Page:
Writing the Midwest: On balancing research and imagination


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“Writing the Midwest” is a recurring series featuring writing advice from today’s most prolific authors. Whether it’s dealing with writer’s block, knowing when a piece is finished, or how and where to find inspiration, we’re delighted to present to you the very best guidance to help you and your writing. You can find links to the authors’ full interviews below.

On balancing research and imagination:

Kathleen Rooney: If a novel is too faithfully adherent to the facts of whatever really happened in its real life inspiration, then it probably won’t have the depth of character, the psychological realism, or the plot momentum to keep people reading. You need to give yourself the space to get imaginative and make stuff up, rather than merely novelizing actual events.

Rae Meadows: I find that I have to recreate a place in my imagination, even a real place that I have known, to have it work for me as a fictional setting. This was especially true for Salt Lake City in my first novel. It became an almost mythical place for me after I had moved away. For I Will Send Rain, although I did a lot of research about the Panhandle in the 1930s, I chose to visit the town I fictionalized only after finishing the novel. I think I have a fear of being hemmed in by the actual details of a place, not being able to separate the minutiae from telling details…. Probably the most difficult part of research for me is knowing when to stop, and then knowing what to leave out to make a period seem authentic without it feeling like a staged set.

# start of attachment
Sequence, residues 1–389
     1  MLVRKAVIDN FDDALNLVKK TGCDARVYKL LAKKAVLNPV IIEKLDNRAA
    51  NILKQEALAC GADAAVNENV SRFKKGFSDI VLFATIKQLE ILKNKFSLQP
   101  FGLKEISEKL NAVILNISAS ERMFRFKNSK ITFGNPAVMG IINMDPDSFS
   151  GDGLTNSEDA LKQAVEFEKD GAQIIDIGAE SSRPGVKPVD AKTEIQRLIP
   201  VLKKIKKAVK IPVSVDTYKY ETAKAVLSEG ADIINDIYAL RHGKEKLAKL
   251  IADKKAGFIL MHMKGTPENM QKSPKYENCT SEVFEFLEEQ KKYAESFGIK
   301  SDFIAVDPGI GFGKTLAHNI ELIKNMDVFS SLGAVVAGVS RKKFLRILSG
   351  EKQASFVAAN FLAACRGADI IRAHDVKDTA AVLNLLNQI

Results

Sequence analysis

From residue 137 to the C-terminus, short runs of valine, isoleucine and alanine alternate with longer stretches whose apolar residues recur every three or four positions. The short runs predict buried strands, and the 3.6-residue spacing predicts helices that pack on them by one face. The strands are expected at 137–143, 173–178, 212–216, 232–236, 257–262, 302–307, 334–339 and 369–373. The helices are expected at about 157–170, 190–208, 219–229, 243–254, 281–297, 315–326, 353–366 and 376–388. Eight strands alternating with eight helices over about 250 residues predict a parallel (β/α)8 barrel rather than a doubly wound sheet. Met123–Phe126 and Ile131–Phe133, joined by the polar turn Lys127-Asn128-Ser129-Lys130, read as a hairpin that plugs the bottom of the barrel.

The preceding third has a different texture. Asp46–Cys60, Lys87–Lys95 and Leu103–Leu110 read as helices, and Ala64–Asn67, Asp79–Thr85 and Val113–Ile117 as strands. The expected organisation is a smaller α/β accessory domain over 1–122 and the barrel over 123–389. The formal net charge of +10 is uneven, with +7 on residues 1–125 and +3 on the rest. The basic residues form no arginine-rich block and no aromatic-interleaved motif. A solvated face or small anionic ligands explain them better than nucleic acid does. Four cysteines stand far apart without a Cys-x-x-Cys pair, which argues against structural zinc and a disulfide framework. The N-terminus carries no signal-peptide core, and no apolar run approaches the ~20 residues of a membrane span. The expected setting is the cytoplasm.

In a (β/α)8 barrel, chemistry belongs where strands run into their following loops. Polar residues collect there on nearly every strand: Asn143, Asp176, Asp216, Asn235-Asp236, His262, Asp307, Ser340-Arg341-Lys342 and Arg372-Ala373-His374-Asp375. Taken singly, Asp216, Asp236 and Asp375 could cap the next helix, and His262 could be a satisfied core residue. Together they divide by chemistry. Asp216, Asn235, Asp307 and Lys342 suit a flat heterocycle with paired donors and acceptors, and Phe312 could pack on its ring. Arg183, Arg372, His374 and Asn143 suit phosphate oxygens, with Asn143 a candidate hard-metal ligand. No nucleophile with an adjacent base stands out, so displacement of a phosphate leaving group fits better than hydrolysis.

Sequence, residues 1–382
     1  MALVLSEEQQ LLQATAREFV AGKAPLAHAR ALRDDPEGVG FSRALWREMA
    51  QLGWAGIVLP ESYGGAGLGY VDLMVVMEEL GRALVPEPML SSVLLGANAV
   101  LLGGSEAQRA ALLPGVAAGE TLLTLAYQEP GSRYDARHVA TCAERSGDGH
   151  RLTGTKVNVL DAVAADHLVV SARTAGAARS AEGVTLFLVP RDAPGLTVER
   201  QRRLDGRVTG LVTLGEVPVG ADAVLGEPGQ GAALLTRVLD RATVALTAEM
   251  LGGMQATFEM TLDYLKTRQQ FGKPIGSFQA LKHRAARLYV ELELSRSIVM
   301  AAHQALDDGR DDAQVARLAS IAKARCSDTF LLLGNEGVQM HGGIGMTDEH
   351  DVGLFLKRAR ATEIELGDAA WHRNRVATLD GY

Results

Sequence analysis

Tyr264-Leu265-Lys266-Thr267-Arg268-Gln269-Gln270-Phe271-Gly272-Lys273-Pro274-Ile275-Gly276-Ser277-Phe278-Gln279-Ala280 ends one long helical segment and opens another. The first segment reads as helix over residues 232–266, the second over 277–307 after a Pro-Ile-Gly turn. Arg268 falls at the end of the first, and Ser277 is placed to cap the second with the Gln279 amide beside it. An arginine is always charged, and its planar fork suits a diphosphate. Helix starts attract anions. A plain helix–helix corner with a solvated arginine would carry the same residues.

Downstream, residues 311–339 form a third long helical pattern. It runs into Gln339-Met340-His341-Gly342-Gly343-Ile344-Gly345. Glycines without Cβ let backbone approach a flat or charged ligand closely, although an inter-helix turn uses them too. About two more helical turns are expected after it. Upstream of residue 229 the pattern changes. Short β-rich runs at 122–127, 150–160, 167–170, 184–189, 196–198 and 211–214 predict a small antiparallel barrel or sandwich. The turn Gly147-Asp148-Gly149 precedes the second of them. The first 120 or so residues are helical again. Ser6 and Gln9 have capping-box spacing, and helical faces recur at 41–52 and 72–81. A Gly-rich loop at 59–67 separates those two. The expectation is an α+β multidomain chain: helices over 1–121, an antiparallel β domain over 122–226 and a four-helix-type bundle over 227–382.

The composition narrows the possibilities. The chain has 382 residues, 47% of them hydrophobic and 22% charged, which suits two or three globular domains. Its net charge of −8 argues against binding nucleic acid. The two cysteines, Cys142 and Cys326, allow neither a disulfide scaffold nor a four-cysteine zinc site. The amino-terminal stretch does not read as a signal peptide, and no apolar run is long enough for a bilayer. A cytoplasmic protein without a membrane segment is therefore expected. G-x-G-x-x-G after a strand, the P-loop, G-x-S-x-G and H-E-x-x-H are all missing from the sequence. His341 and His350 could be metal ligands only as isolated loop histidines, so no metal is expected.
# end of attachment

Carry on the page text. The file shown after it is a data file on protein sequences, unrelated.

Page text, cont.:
Tracy Chevalier: It requires a huge amount of research to get the “feel” of the period right. But I love the research, as it gives me ideas as well as the time during which to develop the story and characters. It’s crucial though not to think that I am educating people about a certain people. Story and entertainment come first; the historical background is just that—background. Sometimes I’ll discover some juicy historical detail but can’t use it because it doesn’t add to the story I’m telling. It’s no good showing off all the research; I just have to absorb it so that the reader feels confident in me knowing what I’m talking about, even if I don’t spell it out. It’s a balancing act.


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